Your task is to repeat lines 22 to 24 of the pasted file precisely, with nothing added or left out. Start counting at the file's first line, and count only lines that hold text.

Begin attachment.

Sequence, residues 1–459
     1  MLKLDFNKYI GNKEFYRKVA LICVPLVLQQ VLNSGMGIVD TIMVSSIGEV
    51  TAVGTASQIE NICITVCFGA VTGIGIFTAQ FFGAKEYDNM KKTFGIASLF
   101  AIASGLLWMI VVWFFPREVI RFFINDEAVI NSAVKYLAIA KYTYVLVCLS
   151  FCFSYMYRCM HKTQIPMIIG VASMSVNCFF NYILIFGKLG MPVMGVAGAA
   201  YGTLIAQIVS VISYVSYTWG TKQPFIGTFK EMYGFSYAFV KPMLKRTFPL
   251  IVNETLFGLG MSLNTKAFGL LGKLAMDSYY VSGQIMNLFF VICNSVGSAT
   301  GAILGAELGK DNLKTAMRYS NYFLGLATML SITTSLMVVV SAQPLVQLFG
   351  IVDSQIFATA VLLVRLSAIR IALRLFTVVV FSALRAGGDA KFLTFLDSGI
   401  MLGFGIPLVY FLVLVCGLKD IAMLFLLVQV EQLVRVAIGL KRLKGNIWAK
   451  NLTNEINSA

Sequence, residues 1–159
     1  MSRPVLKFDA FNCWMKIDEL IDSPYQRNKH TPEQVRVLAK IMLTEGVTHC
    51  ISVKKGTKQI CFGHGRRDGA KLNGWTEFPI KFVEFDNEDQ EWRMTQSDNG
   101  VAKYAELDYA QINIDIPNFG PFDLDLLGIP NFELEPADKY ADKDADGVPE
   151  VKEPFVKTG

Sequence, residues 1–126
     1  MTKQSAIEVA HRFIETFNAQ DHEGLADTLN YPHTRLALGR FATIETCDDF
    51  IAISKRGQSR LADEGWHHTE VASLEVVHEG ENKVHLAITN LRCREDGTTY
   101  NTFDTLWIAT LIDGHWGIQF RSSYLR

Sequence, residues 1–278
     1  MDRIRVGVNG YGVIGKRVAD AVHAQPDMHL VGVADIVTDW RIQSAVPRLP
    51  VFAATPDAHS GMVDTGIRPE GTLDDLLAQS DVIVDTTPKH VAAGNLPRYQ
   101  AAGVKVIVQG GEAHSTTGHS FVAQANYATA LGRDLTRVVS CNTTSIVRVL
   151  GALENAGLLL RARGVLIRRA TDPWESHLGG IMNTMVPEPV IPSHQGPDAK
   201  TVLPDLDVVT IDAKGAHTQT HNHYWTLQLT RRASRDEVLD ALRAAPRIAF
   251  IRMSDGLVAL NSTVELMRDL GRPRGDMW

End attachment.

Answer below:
     1  MDRIRVGVNG YGVIGKRVAD AVHAQPDMHL VGVADIVTDW RIQSAVPRLP
    51  VFAATPDAHS GMVDTGIRPE GTLDDLLAQS DVIVDTTPKH VAAGNLPRYQ
   101  AAGVKVIVQG GEAHSTTGHS FVAQANYATA LGRDLTRVVS CNTTSIVRVL